No preview · Conference Paper · Jan 2008
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    ABSTRACT: Lancet fluke (Dicrocoelium dendriticum), being causal organism of dicrocoeliosis known in animals and man, continuously attract attention of scientific community. Only detailed knowledge of the properties of this parasite, including his defence mechanisms, can lead to successful control of parasitosis in mentioned hosts. The only means so far generally accepted against dicrocoeliosis is the use of suitable anthelmintics, especially benzimidazole ones. Biotransformation enzymes can, to a certain extent, protect the parasitic worms against the effects of xenobiotics including anthelmintics. The present study was designed to evaluate drug metabolizing enzymes activities in lancet fluke subcellular fractions. Activities of oxidation enzymes, carbonyl-reducing enzymes and conjugation enzymes were tested in subcellular fractions of D. dendriticum homogenate. Several enzyme activities corresponding to main isoforms of cytochrome P450 were measured in microsomes-like fraction but no activity was detected. On the other hand, activity of catalase (using europium (III)–tetracycline–hydrogen peroxide system) and peroxidase (assayed by measuring the H2O2 dependent oxidation of o-phenylendiamine) was proven in subcellular fractions. From conjugation enzyme activities, UDP-glucuronosyl transferase activity towards p‑nitrophenol in microsomes-like fraction and glutathione-S-transferase (GST) activity towards 1‑chloro-2,4-dinitrobenzene in cytosol-like fraction were assayed. The apparent kinetic parameters for GST reaction were determined: V´max = 1.64±0.25µM.min-1, K´m = 2.57±0.38 mM. Activities of carbonyl-reducing enzymes were tested using metyrapone, acenaphthenol, daunorubicin, and oracin. The results proved the ability of D. dendriticum enzymes to reduce the carbonyl group of xenobiotics. In lancet fluke, many model substrates were metabolized and the specific activities of some biotransformation enzymes were similar to the activities found in mammal host organisms. These results document the ability of D. dendriticum to effectively metabolize different xenobiotics and by this way be protected against the toxic effect of xenobiotics. This project was supported by the Grant Agency of Czech Republic, Grant No. 524/07/0611.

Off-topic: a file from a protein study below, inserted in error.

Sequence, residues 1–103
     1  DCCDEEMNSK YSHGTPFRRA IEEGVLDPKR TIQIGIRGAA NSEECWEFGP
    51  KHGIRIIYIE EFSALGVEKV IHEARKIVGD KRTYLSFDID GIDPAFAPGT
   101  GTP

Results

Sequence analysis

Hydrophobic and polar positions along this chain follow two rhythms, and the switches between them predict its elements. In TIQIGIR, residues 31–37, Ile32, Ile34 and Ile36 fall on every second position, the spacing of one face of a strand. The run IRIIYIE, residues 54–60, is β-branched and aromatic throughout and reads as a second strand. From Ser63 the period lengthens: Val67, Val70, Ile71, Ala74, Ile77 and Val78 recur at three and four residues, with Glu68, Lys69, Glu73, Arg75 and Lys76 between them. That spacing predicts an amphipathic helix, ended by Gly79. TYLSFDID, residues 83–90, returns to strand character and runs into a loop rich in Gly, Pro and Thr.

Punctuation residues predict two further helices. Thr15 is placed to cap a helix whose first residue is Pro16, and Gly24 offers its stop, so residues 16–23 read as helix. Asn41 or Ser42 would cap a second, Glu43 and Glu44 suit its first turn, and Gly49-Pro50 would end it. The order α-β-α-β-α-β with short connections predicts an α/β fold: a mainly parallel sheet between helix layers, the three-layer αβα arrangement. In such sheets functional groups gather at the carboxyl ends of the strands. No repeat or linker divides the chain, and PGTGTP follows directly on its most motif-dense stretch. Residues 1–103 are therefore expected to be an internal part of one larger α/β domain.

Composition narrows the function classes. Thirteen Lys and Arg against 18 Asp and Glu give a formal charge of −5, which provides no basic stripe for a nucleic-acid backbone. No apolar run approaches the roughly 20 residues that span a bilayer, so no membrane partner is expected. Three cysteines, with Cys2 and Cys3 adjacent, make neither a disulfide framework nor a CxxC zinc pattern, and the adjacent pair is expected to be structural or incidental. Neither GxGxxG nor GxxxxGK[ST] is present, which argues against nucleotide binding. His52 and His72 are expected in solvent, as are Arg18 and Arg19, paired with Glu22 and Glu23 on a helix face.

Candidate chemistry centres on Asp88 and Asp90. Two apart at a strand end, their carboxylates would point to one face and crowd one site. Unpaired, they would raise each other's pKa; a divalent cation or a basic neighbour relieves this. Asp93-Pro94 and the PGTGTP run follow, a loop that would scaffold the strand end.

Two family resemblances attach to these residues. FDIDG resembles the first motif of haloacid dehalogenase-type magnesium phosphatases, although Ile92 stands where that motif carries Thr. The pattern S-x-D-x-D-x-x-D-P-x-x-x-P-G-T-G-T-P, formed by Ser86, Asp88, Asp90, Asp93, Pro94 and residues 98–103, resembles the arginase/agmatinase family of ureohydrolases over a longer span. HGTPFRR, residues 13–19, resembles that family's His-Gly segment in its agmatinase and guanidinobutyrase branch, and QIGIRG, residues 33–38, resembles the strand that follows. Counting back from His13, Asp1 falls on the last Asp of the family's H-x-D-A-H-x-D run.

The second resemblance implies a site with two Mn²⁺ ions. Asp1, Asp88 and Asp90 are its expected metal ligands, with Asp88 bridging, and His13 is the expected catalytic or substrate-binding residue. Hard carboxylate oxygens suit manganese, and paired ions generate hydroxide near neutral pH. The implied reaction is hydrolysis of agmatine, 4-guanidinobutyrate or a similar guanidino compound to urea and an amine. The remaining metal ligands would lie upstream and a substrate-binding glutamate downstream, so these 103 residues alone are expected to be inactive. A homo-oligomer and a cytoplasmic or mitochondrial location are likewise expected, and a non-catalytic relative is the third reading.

No preview · Conference Paper · Jan 2008